1 of 10
Kristin Murphy, Deseret News
Lee Hampton takes his snowboard off for a lunch break during the Semper Fi Fund's ski and snowboard clinic at Park City Mountain Resort in Park City on Tuesday, Jan. 22, 2019. During the event, 25 veterans with physical disabilities, sensory impairments or post-traumatic stress disorder symptoms received lessons through the National Ability Center.

PARK CITY — Veterans with disabilities who got a chance to visit Park City to ski and snowboard this week found more than great powder. Team Semper Fi and the National Ability Center treated them to the therapeutic benefits that come from spending time together and being active.

Katie Richens is the military and groups operations manager for the National Ability Center, which provided equipment training for the veterans. Being active, she said, helps disabled veterans with recovery.

"You're able to manipulate your body in ways that can develop strength, coordination and balance. You're able to push yourself mentally at a level that allows you to do something new … that allows you to develop competence, empowerment and lifetime skills," Richens said.

Kristin Murphy, Deseret News
TJ Brooks gets ready to ski during the Semper Fi Fund's ski and snowboard clinic at Park City Mountain Resort in Park City on Tuesday, Jan. 22, 2019. During the event, 25 veterans with physical disabilities, sensory impairments or post-traumatic stress disorder symptoms received lessons through the National Ability Center.

Veterans with disabilities — including amputations, spinal injuries, traumatic brain injuries and post-traumatic stress disorder — were able to connect with others who face similar challenges, all while enjoying snow sports.

Bobby Donnelly works with Team Semper Fi to organize this event and other active events for veterans. He is also a veteran and a member of Team Semper Fi, having lost his leg after an injury in a training exercise. Team Semper Fi is part of the Semper Fi Fund, which provides support for post-9/11 injured veterans.

"Just being outside is really what helps them, there's a lot of mental clarity in what happens out there, when skiing with your fellow veterans. … I think community is what helps, too," Donnelly said.

According to Donnelly there were 25 veterans in the group on the slopes this week at the intermediate and advanced camp. Team Semper Fi has more than 2,000 service members who take part in activities throughout the year including marathons, adventure hikes and mountain biking.

Lee Hampton learned to snowboard during an event with Team Semper Fi and has been participating in the group for almost five years. He said through physical activity he finds mindfulness and will think of simple ways to solve problems he is dealing with.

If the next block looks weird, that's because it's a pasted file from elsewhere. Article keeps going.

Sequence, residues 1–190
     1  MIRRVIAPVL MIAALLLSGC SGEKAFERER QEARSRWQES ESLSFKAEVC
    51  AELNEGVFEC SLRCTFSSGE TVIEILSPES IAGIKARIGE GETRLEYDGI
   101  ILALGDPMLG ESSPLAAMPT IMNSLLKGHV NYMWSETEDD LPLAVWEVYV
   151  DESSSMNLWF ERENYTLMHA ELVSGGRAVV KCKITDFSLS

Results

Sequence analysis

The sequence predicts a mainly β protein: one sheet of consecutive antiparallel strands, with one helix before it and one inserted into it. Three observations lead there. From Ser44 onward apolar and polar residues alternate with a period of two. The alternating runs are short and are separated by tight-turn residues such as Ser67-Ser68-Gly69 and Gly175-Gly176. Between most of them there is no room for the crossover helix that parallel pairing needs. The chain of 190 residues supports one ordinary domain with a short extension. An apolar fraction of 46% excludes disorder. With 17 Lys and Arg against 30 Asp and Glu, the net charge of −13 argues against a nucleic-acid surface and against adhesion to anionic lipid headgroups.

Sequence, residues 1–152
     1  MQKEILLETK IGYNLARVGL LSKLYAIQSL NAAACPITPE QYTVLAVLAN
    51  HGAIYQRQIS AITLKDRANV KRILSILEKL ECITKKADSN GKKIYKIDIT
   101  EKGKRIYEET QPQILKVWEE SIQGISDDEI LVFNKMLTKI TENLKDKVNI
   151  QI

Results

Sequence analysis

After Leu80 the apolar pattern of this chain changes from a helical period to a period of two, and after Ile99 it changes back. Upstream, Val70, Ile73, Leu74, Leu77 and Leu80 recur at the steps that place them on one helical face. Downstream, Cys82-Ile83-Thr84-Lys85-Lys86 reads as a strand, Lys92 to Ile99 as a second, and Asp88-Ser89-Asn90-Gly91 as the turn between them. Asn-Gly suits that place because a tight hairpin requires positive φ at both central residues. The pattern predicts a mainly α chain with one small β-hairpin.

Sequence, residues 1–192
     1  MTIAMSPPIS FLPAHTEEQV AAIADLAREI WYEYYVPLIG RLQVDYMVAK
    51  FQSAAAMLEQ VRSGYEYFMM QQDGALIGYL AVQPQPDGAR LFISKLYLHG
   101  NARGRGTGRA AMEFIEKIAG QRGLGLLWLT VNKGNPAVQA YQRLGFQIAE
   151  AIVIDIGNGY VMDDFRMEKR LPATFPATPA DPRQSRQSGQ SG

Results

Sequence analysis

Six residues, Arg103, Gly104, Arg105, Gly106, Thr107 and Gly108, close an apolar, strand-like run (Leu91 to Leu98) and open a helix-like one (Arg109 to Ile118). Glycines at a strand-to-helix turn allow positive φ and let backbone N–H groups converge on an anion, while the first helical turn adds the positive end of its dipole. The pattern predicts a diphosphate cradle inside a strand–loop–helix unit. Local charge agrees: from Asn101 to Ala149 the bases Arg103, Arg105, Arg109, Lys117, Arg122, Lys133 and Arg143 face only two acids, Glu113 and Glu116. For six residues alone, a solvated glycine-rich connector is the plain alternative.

"For me it's like the bread and butter of holding me together a lot of times, and I look forward to coming to these events because when I leave these events, it's almost as if I feel recharged," Hampton said.

He said some of his closest friends are the snowboarding team. They notice when he is feeling down or low, and they keep in contact between events through social media.

"There's a large amount of support here, and I hate to say that I don't get this support when I go back home, but it's the reality, I really don't," Hampton said.

Kristin Murphy, Deseret News
Eric Delion and Dom Davila give each other a high-five after finishing a morning session of the Semper Fi Fund's ski and snowboard clinic at Park City Mountain Resort in Park City on Tuesday, Jan. 22, 2019. During the event, 25 veterans with physical disabilities, sensory impairments or post-traumatic stress disorder symptoms received lessons through the National Ability Center.

TJ Brooks, who previously did marathons with Team Semper Fi, attended the snow sports event for the first time this year. He said he was glad for the opportunity to talk with other veterans and learn from them on the slopes.

"Coming to these events, a lot of times what happens is you have guys who really want to push themselves and get better at something and they end up dragging other veterans into it, so it creates kind of a reaching back effect," Brooks said.

According to Richens, activities like this help to bring a sense of camaraderie for veterans. She said many veterans developed close relationships in the service that are sometimes stripped away when they retire or have to leave because of an injury. Additionally, injured veterans are also often getting used to a different role in their own families.

Comment on this story

"There's a lot of solitary sickness when you're going through mental and emotional and physical pain," Richens said. "That we are able to instill hope and joy back into what they're doing is our purpose."

After the snow activities this year, the veterans had a chance to participate in a yoga class and spend more time talking to each other in the lodge.

"I feel much more connected with life when I come here versus staying at home and doing what I do and not really wanting to go out, not really wanting to socialize with people," Hampton said. "When I come here, there's no question about it, it just really falls right into place."